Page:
The type of siding or other building material you choose for the exterior of your home should accentuate the character and design of your home. For example, you wouldn't want to install vinyl siding on a Victorian home or expensive wood siding on a beachfront home exposed to the elements of the sea.
It can be expensive and time-consuming to replace or repair siding, costing anywhere from a few dollars to $30 or more per square foot. But if you choose something durable, you should save money on maintenance costs over time.
The lifespan of various types of siding will depend on the climate where you live. Some types of siding can require periodic painting or restaining and, in the event of wild temperature swings, other types of siding can crack through expansion and contraction.
Reasons for Changing Your Home Exterior
There are several reasons why you may decide it's time to change the type of siding on your house:
- Change the appearance: New siding spruces up a home and increases its desirability.
- Increase the future resale value: New siding offers a benefit to buyers because it extends the life of a home's exterior.
- Lower utility bills: Adding insulation under siding provides a moisture barrier and prevents outside temperatures from disturbing the balance of interior climates.
- Decrease maintenance costs: A new paint job with high-quality paint can last over 10 years, depending on the siding. New types of siding require little, if any, maintenance.
Types of Home Exteriors Available
There are nine common materials used on the exterior of modern homes:
Brick can last a century or more. Because it's made from fired clay, brick doesn't burn and is not susceptible to dry rot. If brick isn't part of your original structure, adding brick is typically accomplished by installing a brick veneer, also known as brick face, rather than complete bricks.
Maintenance of actual brick involves repointing—that is, replacing mortar in between the bricks. Mortar is a mixture of cement, water, lime and sand.
Stucco can be applied by a variety of methods, but hand-troweled is considered to be the best. It can be smooth, rough, or somewhere in between. Stucco needs to be watertight. If water seeps under the stucco, it will separate the material from the home.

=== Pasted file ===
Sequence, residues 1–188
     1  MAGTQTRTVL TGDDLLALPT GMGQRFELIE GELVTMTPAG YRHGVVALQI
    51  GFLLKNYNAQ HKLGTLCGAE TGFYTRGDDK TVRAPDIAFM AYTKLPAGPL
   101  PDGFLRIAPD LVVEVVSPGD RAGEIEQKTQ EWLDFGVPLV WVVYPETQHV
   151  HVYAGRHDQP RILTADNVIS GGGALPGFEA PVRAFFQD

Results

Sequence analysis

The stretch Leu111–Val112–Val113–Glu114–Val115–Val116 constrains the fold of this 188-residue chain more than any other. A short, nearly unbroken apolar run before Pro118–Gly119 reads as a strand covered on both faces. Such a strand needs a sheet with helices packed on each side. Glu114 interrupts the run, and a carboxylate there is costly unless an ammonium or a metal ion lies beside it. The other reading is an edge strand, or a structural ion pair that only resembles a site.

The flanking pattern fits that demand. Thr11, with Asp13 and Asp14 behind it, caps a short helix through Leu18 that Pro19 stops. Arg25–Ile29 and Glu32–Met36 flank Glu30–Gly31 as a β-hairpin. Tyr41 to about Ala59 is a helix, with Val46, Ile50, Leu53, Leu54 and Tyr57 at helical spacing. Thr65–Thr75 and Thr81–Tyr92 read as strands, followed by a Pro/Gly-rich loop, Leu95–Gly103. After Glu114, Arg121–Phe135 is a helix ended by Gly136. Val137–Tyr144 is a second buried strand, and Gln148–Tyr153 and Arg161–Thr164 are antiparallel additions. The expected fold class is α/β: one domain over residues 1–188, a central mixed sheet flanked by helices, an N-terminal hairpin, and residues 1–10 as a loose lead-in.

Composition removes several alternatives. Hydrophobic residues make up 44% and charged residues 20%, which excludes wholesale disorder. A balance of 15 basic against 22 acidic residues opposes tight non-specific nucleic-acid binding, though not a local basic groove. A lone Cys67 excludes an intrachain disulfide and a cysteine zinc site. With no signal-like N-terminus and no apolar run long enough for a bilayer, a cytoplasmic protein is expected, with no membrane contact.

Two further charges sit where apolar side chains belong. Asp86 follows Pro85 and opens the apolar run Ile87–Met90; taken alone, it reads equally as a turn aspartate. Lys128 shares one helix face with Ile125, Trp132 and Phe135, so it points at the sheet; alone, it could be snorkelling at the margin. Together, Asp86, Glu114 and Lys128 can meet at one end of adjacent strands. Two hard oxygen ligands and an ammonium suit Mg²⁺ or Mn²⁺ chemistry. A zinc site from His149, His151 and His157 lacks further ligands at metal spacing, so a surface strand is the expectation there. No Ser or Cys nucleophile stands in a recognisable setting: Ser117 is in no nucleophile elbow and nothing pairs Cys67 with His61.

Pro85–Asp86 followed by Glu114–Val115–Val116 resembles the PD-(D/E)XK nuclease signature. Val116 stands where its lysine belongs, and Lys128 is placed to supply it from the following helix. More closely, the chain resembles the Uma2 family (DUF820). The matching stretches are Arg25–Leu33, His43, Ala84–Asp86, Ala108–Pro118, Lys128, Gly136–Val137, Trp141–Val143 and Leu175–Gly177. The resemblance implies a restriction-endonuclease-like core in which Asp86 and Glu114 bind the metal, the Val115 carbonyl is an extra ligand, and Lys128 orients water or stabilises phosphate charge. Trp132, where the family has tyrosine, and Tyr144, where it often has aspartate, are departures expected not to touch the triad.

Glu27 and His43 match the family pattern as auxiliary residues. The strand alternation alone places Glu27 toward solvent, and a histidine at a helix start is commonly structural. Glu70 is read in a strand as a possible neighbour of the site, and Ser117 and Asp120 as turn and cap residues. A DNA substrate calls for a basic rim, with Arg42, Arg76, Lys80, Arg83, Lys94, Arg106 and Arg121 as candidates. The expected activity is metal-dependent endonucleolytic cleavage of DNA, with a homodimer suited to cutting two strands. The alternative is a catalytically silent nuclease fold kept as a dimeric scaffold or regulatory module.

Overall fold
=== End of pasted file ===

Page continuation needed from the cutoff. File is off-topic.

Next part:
In a first-time application, stucco is spread over wire mesh, wood slats, paper and sheathing. Drying in between coats is recommended. Re-stuccoing is permissible over original stucco.
3. Vinyl Siding
Vinyl siding is made of PVC, or polyvinyl chloride, and comes in a variety of colors. The panels are installed from the bottom row up by nailing galvanized roofing nails through the slots in the panel, exposing the nail head so the panels can move. The vinyl expands and contracts in hot and cold weather, and must slide freely from side to side. Two main advantages to vinyl are that it's inexpensive and never needs painting.
4. Aluminum Siding
It's hard to tell the differences between aluminum siding and vinyl siding without touching them, as they look similar to each other. Aluminum siding became popular after World War II.
However, the color can fade and, unlike vinyl, aluminum can get dented. It also expands and contracts, depending on temperature. Aluminum siding can be painted and experts recommend oil-based paint over latex.
5. Wood Siding
Wood siding is manufactured in a variety of types, such as shake, clapboard, singles, or lap. Panels are applied vertically or horizontally, and finishes range from stains to paint, to sealants.
Wood siding should be installed over a moisture barrier, and some contractors suggest priming the back of the wood and its sides to prevent water from seeping into the wood. Although wood is beautiful, it requires maintenance and can rot.
6. Log Siding
Covering the exterior of your home with log siding can make it look like a log home without rebuilding the home. Log siding comes in quarter logs and half logs. The finishes are smooth, knotted, or, for that authentic log-home appearance, hand-hewn.
Some log siding isn't even wood—but resembles wood—and is available in vinyl or steel. Common wood choices for log siding are pine or cedar.
7. Glass Block Walls
Glass block walls are non-load-bearing. They are laid by installing panel anchors to the jambs, expansion strips around the opening, and panel reinforcing wire stabilizers every third or fourth row. Blocks are set into a special mortar made for glass. The maximum recommended size of a glass block wall is about 144 square feet. A glass block wall lets in light, but it does show interior shadows from the street. Routine exterior caulking is suggested.
8. Composite Siding
Manufactured siding can be created from almost any material and made to resemble natural wood. Some composite siding is made from shredded wood, binders, glue, and Portland cement. James Hardie is a well-known manufacturer of fiber-cement products—built to withstand rain, wind, hail, and insects—and this siding is available in a variety of colors, boasting a 30-year limited warranty.
9. Stone Siding
Stone has been used for centuries. Today's stone siding products are natural or simulated. Artificial stone faces are lighter and easier to install. Of all the siding options available, real stone siding is among the most expensive. Most applications support a first layer, which is wall sheathing, covered by water-resistant paper, on top of which metal lath is secured. Then, the stone is set into the mortar and laid.